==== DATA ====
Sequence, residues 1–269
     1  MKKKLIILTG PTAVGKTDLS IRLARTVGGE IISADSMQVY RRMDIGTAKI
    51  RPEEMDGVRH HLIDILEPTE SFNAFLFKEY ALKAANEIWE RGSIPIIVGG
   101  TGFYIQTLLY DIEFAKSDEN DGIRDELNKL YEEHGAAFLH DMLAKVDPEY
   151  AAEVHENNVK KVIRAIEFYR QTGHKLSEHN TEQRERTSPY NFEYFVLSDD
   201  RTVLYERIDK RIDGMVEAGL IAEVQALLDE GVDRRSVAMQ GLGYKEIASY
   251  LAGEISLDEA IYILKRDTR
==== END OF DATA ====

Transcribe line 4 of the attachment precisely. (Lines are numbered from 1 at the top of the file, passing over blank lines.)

   101  TGFYIQTLLY DIEFAKSDEN DGIRDELNKL YEEHGAAFLH DMLAKVDPEY